Beware of wishful thinking about Russia

Russian President with Defense Minister Sergei Shoigu

Russian President with Defense Minister Sergei Shoigu

After an extraordinary few days in Russia, several realities must be confronted. Vladimir Putin remains in the Kremlin, although his authority is shaken by the aborted mutiny led by the Wagnerian mercenaries. The war in Ukraine continues with the same intensity despite the disruption of the Russian armed forces caused by the insurgency. The military leaders whose removal was demanded by Yevgeny Prigozhin, Wagner’s chief, also appear to be still in office.

Sergei Shoigu, the defense minister, was shown on television visiting the troops, although when the video was recorded is unclear. As with so much in Russia, the truth was hard to establish amid a cascade of propaganda, deception and lies.

Prigozhin was apparently persuaded to call off his advance on Moscow in exchange for a pardon for Wagner’s troops and his own banishment to Belarus. Early suggestions that he no longer faces treason charges appear to have been quashed, but he defended his forces’ actions in an audio recording released from an unknown location last night. Moreover, the mercenary group remains fully armed, continues to recruit and is still fighting in Ukraine and North Africa.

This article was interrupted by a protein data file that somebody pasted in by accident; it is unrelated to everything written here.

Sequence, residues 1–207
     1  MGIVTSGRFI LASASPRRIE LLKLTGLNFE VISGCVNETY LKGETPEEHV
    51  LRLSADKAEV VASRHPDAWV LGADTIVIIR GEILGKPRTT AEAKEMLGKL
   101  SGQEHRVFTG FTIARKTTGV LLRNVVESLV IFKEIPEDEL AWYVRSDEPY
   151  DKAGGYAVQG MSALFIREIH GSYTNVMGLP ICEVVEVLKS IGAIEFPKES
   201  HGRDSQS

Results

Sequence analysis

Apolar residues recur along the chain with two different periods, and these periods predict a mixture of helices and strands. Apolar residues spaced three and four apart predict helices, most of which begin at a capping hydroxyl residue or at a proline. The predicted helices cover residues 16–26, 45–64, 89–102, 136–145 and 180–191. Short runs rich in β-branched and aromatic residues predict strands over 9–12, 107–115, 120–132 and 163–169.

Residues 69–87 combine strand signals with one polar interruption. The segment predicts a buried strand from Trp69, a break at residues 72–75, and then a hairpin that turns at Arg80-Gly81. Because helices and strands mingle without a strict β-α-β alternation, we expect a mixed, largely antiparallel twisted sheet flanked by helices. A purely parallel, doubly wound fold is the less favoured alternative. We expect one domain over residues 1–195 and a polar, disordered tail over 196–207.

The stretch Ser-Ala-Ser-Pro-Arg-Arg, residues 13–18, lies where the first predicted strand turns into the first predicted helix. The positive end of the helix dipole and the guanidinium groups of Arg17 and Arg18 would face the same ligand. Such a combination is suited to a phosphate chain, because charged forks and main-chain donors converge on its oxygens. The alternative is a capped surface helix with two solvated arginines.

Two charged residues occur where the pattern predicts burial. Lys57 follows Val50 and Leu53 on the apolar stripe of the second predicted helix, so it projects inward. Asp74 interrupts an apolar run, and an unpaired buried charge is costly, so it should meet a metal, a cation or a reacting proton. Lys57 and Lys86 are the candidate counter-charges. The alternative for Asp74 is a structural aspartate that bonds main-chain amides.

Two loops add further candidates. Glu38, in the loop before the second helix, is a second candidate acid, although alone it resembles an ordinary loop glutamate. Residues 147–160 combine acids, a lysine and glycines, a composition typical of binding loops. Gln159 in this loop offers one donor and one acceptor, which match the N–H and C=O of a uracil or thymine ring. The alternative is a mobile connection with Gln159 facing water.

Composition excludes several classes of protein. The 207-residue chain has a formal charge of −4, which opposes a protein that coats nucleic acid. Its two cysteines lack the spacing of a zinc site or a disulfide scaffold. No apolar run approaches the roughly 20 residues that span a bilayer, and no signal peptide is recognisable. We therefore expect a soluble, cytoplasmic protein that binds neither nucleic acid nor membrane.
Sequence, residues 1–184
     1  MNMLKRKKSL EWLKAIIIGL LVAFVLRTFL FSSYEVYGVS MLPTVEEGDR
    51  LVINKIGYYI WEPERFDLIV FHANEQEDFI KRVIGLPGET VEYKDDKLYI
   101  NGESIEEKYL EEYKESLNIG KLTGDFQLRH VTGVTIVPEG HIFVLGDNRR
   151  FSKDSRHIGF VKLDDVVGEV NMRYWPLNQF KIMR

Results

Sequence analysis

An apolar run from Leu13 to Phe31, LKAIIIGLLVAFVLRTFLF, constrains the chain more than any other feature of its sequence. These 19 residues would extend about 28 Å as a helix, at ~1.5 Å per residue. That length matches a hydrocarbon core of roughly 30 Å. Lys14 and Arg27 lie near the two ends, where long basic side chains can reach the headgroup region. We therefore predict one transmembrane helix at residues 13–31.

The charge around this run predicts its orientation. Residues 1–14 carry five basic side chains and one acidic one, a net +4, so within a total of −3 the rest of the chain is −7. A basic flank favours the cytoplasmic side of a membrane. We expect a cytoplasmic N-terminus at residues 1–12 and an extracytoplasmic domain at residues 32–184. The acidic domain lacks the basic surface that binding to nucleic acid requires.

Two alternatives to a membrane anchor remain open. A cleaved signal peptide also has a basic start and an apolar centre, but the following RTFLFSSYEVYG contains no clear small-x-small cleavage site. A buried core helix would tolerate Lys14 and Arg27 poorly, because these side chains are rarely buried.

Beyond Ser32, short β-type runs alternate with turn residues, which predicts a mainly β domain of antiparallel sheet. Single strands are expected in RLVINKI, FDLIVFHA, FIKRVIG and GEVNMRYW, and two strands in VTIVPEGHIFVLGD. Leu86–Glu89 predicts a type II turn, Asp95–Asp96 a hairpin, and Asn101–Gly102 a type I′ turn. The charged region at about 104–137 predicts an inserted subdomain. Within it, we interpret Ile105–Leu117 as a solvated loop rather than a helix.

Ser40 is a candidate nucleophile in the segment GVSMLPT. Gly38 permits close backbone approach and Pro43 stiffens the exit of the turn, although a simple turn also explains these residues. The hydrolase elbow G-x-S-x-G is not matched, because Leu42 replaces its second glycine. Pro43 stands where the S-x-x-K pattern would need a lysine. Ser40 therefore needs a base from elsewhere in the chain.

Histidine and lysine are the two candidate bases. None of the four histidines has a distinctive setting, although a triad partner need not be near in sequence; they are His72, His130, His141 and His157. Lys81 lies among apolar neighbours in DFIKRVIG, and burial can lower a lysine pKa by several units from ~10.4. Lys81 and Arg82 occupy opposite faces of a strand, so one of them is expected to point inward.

Putin, who issued a panicked statement on Saturday after Wagner’s troops seized Rostov-on-Don, has now delivered a speech of defiance to the nation, saying the mutiny would have been put down even without a deal.

The Kremlin was keen to project a “business-as-usual” image after what was potentially a near-death experience for the regime. But few in the West buy this version of events, not least because before the rebellion Putin was almost invisible and seemingly unable to stop Prigozhin from exposing the conduct of the war.

Joe Biden said Putin’s weakness had now been exposed, while US Secretary of State Antony Blinken said there were “real cracks” in the Russian leader’s authority. In the Commons, James Cleverly, the Foreign Secretary, said the “mask had slipped” with Prigozhin’s assertion that the war was unjustified and that Russian support was waning. To what extent is this wishful thinking?

For a few hours on Saturday, Russia stood on the brink and Putin’s future hung in the balance. For now, he has regained control and enjoys the support of his biggest ally, China. The Foreign Ministry said Beijing “supports Russia in maintaining national stability”, but for how much longer?

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